Democrats on the House Post Office-Civil Service Committee are working on legislation that would give one-shot cash bonuses to outstanding air traffic control personnel, rather than the flat 6.6 percent raise (retroactive to last August) proposed by the president.

The administration favors giving nearly 10,000 controllers and supervisors the raise, and backs a 5 percent increase for 24,000 other Federal Aviation Administration people involved in maintenance and air safety.

FAA fired 11,400 controllers last August after the Professional Air Traffic Controllers Organization went out on strike. The air traffic system has been run by nonstriking workers, supervisors, new employes and about 800 military controllers who are still on loan to FAA.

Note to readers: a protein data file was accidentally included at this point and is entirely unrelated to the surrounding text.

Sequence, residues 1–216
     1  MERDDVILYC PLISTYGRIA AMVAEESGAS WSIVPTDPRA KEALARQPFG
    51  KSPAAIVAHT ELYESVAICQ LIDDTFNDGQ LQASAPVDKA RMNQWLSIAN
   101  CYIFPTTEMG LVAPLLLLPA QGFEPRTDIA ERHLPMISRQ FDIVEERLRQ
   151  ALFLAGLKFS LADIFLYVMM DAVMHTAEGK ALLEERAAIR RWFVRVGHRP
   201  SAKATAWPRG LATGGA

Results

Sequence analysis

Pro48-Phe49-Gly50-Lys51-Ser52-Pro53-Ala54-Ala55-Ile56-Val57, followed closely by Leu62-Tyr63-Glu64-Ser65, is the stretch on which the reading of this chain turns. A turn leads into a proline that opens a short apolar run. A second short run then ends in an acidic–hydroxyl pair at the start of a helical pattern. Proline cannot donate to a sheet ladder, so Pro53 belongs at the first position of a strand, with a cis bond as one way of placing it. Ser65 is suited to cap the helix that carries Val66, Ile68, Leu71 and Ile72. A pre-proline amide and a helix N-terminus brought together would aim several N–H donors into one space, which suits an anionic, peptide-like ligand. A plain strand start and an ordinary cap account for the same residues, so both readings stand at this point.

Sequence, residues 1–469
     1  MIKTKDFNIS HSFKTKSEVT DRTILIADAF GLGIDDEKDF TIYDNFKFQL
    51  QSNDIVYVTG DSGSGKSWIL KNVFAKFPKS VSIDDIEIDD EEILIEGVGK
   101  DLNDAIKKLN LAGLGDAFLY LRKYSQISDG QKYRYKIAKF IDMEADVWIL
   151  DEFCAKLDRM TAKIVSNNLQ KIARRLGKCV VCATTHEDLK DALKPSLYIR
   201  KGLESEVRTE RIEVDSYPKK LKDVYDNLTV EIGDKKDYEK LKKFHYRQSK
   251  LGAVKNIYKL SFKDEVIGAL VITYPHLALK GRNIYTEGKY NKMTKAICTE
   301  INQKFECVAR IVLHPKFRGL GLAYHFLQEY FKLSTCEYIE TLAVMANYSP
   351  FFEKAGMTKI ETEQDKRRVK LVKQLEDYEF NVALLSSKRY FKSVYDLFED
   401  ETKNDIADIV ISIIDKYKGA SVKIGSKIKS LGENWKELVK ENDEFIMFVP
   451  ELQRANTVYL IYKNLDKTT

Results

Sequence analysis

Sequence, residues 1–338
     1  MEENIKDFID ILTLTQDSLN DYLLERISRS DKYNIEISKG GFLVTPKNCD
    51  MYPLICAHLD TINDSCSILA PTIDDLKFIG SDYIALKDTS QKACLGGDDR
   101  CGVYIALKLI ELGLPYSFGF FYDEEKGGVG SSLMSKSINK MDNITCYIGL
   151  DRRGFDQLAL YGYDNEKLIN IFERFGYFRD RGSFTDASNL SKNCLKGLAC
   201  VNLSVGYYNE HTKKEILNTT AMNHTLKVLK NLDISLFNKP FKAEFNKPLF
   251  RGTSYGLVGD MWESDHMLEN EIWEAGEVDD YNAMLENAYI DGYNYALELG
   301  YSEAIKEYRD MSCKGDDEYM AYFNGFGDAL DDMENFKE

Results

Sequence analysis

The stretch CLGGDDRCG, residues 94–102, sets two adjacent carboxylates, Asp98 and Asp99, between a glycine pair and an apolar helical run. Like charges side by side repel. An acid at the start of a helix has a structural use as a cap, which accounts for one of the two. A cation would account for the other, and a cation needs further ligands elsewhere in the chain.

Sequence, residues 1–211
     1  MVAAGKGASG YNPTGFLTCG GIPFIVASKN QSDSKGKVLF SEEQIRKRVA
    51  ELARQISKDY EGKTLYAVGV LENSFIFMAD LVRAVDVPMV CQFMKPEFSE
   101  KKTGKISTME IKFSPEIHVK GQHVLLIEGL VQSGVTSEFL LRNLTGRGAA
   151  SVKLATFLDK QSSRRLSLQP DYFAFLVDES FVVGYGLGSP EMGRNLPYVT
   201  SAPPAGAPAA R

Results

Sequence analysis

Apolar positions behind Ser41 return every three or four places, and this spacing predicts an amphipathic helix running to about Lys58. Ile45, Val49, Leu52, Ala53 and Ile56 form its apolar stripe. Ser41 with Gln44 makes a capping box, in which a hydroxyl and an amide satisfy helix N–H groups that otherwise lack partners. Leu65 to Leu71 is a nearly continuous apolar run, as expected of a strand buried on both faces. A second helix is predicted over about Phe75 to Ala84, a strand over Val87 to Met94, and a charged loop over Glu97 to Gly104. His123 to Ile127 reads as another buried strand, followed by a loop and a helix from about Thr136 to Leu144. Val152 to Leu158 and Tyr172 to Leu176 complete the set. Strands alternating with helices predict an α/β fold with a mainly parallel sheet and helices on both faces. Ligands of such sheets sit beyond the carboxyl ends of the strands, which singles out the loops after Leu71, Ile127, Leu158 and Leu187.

Committee Chairman William Ford (D-Mich.) has strong labor credentials. Although he thinks FAA personnel who stayed on the job have done well, he doesn't like the idea of rewarding all of them with a special raise in addition to whatever other U.S. workers get this October.

Ford is considering a plan to give individual cash bonuses to those who do outstanding work in improving and rebuilding the traffic system. His plan would be much less costly than the retroactive raises the president favors and would not trigger demands from workers in other agencies for special raises. This is still in the talking stage. But it is important talk to FAA people.